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Book Reviews Review: Bertin and Forbes’s The Case of the Missing Men is densely detailed

The Case of the Missing Men
Kris Bertin and Alexander Forbes

In the quaint coastal village of Hobtown, N.S., grown men have been mysteriously disappearing. When a prominent industrialist who summers in the area becomes the latest to go AWOL, his precocious teenage son falls in with classmate Dana Nance's "amateur detective club" to crack the case of the missing men, but their investigations turn up more sinister conspiracies and gory murder victims than they bargained for.

That description, like the book's trade dress, harks back to Nancy Drew and Hardy Boys mysteries, but the stakes these teen detectives reckon with are far more peculiar, grave and creepy than those forebears ever faced – think Wes Anderson directing Blue Velvet. The characters harden into familiar types by story's end – there's the boy genius, the girl detective, the comic relief – but prior to that, Bertin's intricate plotting and Forbes's thickly hatched art create an unpredictable and densely detailed whodunit.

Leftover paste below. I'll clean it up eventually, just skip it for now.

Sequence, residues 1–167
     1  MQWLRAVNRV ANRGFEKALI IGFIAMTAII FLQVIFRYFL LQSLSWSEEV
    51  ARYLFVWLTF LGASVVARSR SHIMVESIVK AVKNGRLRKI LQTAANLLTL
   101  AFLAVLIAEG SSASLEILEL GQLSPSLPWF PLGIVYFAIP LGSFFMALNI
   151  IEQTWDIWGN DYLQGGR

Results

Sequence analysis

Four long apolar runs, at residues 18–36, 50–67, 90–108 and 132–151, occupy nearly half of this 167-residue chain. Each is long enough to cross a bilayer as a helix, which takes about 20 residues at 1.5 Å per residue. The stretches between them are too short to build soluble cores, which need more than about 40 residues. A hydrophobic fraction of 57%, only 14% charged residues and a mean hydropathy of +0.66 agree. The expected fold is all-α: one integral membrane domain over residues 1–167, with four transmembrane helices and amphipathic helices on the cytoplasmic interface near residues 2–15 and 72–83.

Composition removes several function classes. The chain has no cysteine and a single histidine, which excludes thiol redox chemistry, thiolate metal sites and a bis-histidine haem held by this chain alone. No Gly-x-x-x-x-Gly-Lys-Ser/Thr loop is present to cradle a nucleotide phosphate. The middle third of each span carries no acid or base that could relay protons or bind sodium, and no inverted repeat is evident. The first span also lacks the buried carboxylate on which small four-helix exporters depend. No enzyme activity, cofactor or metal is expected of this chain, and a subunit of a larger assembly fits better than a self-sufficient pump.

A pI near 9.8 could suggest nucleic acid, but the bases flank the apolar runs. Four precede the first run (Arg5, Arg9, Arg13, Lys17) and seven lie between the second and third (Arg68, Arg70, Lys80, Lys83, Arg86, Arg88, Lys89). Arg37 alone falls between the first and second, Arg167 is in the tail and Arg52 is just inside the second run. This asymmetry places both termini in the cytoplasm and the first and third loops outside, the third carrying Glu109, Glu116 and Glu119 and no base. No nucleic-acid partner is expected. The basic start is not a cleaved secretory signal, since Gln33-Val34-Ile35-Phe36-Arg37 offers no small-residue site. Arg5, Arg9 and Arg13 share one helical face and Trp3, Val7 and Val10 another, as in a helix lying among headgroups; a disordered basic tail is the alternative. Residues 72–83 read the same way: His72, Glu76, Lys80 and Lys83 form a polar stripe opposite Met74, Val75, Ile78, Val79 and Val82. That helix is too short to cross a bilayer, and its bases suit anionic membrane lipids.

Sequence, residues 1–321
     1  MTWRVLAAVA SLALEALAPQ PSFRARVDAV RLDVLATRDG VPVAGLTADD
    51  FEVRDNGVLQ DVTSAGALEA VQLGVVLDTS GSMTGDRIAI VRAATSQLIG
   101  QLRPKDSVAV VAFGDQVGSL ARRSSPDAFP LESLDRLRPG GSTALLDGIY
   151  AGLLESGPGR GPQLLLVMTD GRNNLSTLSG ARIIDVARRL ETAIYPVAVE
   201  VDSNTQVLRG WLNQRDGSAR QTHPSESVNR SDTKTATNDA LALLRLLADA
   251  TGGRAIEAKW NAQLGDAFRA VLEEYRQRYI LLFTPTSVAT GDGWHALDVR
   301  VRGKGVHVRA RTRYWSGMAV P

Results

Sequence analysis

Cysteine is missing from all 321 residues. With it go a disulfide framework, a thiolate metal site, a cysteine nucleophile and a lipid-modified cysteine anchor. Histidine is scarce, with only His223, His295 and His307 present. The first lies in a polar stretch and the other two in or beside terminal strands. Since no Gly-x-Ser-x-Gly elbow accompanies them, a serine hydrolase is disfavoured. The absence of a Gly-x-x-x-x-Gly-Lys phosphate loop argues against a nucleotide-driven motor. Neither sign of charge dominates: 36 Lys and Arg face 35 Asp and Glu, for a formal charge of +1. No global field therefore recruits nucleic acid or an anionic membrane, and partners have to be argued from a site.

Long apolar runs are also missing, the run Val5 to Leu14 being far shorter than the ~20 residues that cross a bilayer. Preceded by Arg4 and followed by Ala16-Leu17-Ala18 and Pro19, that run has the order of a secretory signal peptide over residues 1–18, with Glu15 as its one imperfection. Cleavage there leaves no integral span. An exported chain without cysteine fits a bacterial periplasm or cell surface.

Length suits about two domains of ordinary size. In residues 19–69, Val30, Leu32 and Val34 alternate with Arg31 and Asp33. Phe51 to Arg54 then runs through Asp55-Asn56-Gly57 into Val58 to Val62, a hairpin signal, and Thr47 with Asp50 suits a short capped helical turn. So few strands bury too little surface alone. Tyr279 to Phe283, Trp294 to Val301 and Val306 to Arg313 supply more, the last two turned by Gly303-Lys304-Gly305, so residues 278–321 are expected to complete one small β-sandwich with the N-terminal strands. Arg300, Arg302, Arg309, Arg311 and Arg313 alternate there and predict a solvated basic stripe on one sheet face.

Distinguished by its offbeat sense of humour and legitimately shocking last-act revelations, this debut would be impressive enough as a mere genre exercise – the perceptive insights into the weirdly hermetic lives of both teenagers and small towns alike, then, are almost a bonus.

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